Winzip 16 piles on the features, including a cloud-based service and a 64-bit engine.
The basic functionality of file-compression software is both rock-solid and slow to change. New iterations of these essential, but somewhat workaday, utilities must focus on everything around the central function of "making big files small." It was roughly a year ago that WinZip 15 was released and reviewed, and here we are again with a new iteration. This time, WinZip 16 ($30, 45-day free trial) adds a more powerful engine and better support for the plethora of second- and third- tier compression formats that can be found around the net. It also provides a valuable block in this year's buzzword bingo, support for cloud computing.
WinZip 16 upgrades its core compression algorithm to 64 bits (though it still works fine on 32-bit systems), increasing performance. In addition, encryption algorithms have been fine-tuned to use chipset-specific features when available. This is under-the-hood stuff that's hard to see until you use it, but easy to notice if you do a lot of compression of large files.
Once you've compressed a large file, though, you need to do something with it, and that's where the major new feature of WinZip 16 comes into play. WinZip 16 now has built-in support for tight integration with WinZip's ZipSend cloud service, which you must create an account for in order to use these features (there are both free and paid options). If you've ever been stymied by email gateways that won't let you send files of any significant size, this could be a killer feature for you. Just create your email as usual, attach "200HoursOfHDFootageOfMyVacation.zip," and click "send." The WinZip Courier program, which is separately installed but which can be downloaded for free once you've set up a ZipSend account, will notice the large file, upload it to ZipSend, and place a link in your email message so the recipient can click to download it. At least, this will happen if you're using Microsoft Outlook, or (in theory) Gmail or Hotmail in Firefox, Chrome, or Explorer.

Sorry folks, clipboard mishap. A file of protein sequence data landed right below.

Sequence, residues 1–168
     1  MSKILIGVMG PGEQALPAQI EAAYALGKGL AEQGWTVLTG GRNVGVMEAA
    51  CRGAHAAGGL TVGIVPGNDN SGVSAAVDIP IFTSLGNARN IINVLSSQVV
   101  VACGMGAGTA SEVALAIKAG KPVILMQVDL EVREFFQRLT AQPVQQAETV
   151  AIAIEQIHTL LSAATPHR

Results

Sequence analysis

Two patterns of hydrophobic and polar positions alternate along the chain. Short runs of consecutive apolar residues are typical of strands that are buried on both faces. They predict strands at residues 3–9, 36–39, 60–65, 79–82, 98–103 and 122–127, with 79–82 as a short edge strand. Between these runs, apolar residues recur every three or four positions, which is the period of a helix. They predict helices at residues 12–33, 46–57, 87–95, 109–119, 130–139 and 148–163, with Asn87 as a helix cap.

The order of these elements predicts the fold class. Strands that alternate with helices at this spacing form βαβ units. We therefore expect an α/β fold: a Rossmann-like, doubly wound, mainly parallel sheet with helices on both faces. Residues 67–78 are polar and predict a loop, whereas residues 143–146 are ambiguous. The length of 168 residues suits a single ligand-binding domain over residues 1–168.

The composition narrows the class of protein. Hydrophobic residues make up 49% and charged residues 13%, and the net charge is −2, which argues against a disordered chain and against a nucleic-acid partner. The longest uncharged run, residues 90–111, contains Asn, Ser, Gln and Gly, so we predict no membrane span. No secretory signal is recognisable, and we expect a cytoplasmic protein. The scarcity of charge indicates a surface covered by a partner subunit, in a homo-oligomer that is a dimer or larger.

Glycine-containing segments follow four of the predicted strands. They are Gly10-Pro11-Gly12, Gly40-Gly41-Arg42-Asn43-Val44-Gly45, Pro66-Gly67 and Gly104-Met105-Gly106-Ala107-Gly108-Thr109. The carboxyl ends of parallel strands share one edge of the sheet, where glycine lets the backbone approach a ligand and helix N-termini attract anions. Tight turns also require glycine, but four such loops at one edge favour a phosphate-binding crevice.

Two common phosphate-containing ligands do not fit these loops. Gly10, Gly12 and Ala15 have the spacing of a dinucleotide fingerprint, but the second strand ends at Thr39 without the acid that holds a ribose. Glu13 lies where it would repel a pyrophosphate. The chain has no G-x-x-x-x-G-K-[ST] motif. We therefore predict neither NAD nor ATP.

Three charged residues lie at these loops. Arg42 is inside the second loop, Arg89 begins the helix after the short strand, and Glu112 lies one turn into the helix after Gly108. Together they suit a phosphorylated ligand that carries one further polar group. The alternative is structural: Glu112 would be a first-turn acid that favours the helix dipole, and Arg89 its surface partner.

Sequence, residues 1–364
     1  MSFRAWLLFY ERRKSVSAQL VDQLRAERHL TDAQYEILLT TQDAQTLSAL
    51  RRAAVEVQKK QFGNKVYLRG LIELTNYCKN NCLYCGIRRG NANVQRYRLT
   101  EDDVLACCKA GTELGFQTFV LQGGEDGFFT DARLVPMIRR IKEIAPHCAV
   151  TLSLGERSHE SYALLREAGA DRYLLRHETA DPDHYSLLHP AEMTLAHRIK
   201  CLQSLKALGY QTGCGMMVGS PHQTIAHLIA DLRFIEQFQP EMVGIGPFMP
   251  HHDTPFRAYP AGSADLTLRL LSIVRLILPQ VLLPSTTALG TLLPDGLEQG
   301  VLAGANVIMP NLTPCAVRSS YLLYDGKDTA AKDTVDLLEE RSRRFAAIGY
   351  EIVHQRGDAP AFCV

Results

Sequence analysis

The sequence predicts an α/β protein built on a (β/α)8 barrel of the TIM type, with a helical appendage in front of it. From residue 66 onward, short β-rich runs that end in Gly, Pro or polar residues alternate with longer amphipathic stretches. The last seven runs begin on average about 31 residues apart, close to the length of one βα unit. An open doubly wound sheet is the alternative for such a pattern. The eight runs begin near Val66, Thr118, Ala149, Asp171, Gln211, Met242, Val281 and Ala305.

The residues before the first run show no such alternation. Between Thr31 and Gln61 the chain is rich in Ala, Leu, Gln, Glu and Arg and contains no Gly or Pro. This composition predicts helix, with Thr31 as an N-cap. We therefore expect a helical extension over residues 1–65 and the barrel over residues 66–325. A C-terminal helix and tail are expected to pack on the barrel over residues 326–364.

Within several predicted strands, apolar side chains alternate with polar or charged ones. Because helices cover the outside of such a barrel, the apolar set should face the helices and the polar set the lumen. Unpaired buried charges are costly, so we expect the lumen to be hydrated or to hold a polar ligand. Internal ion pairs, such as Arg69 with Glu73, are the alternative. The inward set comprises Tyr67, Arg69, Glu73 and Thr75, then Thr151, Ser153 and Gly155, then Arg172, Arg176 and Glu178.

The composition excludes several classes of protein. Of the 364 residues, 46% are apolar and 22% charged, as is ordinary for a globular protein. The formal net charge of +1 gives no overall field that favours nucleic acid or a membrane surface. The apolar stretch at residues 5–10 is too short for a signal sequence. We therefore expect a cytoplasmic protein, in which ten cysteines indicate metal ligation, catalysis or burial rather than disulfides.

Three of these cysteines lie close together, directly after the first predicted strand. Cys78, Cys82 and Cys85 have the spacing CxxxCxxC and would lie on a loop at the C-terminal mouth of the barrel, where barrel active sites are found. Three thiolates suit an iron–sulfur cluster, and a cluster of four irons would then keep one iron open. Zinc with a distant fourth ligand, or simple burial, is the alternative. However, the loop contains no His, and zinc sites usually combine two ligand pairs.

If you're using Thunderbird as your mailer, or Opera as your browser, the ZipSend integration is not supported, and that's a shame, because it's a good idea and it works beautifully if you've got the right configuration. Really, though, the "right configuration" for anything but the most casual use is Outlook. While it worked correctly in Firefox, it locked the browser while loading the file to the ZipSend servers, and files large enough to need this feature can be slow to upload. I have confirmed with WinZip that this is not a bug but is working as designed.
ZipSend Lite is free, and allows you to send files of up to 50MB, and will store them for seven days; ZipSend Pro lets you go to 2GB per email and will store files indefinitely, but costs 10.00 a month or 50.00 a year.
A word of caution: When installing WinZip, you'll be given the option of also installing several other programs, all helpfully pre-checked to be included. Go through the installation screen slowly to be sure nothing is installed which you did not wish to be installed.
If you're an Outlook user frequently thwarted by email gateways with size limits that might have made sense in 1995, WinZip 16 Standard is a no-brainer. Even if you don't need the ZipSend feature, the improved compression engine and better support for other archive formats makes it a winner. Before deciding completely, though, check out PCWorld's review of WinZip Pro.